Being in law school made me realize that it doesn’t make sense for anyone to force themselves in a certain direction. I learned important skills in law school, and it would have resulted in a solid career, but there was never a sense of “flow.” I didn’t feel engaged by the curriculum; my instinct was to do the bare minimum.
On the other hand, I can spend hours on travel writing, blogging, and arranging international TV shows. I’m entirely in the moment, and enjoying every aspect (including the challenges). Every time I go on the road, I’m continuing to do the things I love, and I have no intention of slowing down.
Does your work then influence how you pay for your travels?
All of my traveling since 2007 has been work-related – from buying a moose head on Oddities to taking Andrew Zimmern to Tokyo theme restaurants. I partner with companies and only take on collaborations that fit with my passions.
What is a recent encounter fresh in your mind?
I love watching Bizarre Foods on Travel Channel, and it was a dream come true when Andrew Zimmern asked me to be on the show. He wanted me to be his on-camera guide for an episode in Japan!
It was one of my first travel TV experiences, and I wasn’t sure what to expect, especially with such a big star involved.
However, the moment I stepped out the taxi in Shibuya and hugged Andrew, I knew it was going to be a breeze. He has a knack for making people feel comfortable, and I just had to be myself while the cameras followed us around.
After shooting footage of us walking together through the famous Shibuya crossing, we really got rolling and went to, Alcatraz ER: a monster-jail haunted theme restaurant. My Japanese Goth friends met us there, and a waitress – dressed like a hot nurse – handcuffed Andrew.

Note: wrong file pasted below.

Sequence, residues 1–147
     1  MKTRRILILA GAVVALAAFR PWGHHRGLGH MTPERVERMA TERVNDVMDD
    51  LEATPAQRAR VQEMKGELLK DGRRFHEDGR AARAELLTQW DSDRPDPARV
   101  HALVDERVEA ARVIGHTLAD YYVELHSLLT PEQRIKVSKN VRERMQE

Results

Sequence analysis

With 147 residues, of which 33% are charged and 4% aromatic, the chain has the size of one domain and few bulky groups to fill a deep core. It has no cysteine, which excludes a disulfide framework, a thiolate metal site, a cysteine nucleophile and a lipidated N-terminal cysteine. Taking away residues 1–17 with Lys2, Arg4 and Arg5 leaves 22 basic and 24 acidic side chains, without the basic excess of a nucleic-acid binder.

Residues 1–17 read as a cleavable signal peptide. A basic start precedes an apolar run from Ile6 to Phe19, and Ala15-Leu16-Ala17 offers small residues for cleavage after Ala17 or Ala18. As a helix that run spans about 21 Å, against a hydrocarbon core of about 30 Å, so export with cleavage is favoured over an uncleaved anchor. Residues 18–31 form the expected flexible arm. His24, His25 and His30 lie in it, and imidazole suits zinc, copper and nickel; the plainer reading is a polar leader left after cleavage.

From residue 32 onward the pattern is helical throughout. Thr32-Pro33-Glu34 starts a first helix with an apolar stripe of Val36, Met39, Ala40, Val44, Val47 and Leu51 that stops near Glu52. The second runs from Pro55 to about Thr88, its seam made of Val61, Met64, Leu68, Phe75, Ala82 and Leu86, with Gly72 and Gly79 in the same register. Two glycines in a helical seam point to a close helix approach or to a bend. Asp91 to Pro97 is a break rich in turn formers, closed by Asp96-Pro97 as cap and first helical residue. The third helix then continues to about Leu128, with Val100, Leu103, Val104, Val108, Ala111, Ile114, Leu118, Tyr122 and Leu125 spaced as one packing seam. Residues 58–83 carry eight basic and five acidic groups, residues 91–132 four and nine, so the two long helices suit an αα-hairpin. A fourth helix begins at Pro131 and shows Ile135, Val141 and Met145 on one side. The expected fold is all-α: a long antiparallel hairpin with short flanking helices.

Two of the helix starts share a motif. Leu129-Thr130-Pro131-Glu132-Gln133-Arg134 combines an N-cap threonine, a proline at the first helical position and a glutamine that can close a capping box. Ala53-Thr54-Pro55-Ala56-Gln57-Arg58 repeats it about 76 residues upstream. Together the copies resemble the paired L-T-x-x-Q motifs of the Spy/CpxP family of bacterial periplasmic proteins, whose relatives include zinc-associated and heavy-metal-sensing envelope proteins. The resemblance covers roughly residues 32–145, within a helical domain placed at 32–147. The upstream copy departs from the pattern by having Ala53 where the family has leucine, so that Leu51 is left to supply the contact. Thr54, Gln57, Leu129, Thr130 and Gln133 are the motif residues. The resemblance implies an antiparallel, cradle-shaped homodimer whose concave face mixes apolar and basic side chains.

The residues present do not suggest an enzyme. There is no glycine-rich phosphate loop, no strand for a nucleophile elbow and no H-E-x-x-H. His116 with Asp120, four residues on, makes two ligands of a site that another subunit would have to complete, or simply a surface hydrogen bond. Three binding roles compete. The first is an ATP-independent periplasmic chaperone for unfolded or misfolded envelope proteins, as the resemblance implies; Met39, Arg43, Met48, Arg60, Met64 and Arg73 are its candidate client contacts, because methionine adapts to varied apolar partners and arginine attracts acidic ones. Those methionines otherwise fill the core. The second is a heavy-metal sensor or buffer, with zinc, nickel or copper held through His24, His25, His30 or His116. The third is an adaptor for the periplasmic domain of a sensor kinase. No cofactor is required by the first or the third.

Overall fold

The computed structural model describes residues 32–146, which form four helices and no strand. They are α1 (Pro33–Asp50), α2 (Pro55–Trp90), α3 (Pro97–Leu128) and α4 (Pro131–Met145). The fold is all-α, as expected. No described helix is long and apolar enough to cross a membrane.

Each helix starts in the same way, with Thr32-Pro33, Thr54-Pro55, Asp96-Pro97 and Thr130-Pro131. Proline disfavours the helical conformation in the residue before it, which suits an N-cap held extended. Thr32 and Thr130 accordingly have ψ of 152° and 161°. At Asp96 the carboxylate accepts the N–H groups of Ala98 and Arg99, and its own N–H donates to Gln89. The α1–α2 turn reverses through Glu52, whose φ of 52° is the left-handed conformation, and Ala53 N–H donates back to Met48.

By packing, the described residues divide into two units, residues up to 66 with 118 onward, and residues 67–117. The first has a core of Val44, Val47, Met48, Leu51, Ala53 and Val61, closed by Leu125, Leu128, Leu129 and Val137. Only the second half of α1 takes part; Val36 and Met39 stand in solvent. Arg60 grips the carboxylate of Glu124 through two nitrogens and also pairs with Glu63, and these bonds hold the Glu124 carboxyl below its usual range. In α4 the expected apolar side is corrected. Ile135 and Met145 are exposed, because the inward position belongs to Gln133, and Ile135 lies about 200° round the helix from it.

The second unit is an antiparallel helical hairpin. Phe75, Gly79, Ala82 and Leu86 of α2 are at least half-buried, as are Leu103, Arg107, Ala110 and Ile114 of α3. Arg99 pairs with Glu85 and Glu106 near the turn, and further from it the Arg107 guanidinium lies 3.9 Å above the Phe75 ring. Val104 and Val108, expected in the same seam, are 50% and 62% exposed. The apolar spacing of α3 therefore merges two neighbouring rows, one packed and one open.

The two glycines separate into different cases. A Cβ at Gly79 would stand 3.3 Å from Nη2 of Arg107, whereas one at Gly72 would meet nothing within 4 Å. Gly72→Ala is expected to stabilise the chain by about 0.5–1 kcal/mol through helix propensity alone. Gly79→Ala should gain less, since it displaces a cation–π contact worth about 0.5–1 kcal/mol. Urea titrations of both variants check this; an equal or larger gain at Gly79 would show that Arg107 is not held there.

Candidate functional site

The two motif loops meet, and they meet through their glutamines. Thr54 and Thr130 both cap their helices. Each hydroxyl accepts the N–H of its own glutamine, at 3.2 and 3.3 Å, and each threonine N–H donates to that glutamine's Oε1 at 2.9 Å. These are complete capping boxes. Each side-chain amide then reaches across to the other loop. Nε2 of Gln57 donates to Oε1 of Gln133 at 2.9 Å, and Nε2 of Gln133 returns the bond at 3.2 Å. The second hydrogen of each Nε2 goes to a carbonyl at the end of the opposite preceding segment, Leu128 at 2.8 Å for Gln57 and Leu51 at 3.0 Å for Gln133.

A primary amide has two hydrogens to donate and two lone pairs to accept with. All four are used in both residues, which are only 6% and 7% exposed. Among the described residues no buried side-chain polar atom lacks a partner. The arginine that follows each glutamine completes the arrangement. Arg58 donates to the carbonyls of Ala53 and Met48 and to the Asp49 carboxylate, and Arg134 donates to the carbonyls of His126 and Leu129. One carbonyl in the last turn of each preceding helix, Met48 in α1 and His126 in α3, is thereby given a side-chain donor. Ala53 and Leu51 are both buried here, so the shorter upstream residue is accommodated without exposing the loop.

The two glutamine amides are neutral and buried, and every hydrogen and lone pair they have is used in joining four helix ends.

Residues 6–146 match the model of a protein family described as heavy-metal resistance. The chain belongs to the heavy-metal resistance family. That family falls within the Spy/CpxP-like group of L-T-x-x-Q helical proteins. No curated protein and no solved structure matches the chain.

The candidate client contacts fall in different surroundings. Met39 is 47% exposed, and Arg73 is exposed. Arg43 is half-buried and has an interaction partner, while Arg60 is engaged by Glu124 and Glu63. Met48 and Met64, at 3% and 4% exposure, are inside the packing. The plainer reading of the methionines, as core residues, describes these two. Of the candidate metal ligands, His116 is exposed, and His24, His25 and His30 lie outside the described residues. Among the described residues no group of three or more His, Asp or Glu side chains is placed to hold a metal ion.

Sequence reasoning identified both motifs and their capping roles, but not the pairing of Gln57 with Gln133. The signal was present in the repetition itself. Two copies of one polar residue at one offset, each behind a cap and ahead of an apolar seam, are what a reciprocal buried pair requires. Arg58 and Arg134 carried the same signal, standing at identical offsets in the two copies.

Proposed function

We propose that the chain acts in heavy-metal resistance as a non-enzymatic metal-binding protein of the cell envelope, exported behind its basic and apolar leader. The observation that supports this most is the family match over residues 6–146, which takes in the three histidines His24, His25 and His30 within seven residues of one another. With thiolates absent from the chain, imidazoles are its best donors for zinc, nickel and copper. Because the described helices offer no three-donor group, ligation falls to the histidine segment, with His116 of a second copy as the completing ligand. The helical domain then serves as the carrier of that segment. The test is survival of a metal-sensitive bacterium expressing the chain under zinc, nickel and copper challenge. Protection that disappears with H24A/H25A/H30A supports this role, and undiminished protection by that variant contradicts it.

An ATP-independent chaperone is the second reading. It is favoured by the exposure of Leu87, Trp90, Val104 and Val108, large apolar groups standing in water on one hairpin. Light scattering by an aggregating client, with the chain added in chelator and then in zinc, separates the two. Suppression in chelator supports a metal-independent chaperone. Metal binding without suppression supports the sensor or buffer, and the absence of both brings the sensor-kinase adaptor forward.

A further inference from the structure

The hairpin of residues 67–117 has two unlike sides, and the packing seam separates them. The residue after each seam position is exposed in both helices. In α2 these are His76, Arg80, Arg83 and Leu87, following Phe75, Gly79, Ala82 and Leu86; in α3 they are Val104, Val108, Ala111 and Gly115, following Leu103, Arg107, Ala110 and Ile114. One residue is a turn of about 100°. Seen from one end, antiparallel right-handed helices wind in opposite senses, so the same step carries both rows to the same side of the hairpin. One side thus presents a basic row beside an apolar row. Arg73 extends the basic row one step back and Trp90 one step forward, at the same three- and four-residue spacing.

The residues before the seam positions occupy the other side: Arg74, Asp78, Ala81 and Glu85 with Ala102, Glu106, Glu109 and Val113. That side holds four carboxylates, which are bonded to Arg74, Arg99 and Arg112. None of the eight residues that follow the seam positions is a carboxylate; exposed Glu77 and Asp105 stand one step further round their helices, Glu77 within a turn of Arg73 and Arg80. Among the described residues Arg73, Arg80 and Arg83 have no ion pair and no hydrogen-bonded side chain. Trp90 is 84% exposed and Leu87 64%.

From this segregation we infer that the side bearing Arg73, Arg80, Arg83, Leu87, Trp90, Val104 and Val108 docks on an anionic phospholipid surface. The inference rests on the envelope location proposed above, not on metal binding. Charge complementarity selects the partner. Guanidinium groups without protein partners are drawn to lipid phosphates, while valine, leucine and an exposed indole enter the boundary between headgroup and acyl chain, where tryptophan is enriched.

We all crammed into a jail cell (the poor sound man had to contort his body to fit in), and ordered a wild selection of food including test-tube cocktails with floating eyeballs, and a bed pan of beer. Then we did “takoyaki roulette”: everyone had to eat an octopus ball, and one of them was filled with wasabi!
The entire experience opened my eyes to the possibilities of travel storytelling, and led to the various travel TV hosting and projects I do today.
That’s awesome. Tell us about some other subcultures you’ve encountered.
When I went to Vienna, I attended a huge Gothic Lolita meetup. This subculture fashion/lifestyle originated in Japan in the late 1980s, and is inspired by the aesthetics of the Rococo Era — think pastel colors and royal Versailles gowns.
Today, Gothic Lolita fashion is worldwide, and has become popular with young people who have never even been to Japan. It was fascinating to see this subculture come full circle and bloom in Vienna, the home of Marie Antoinette.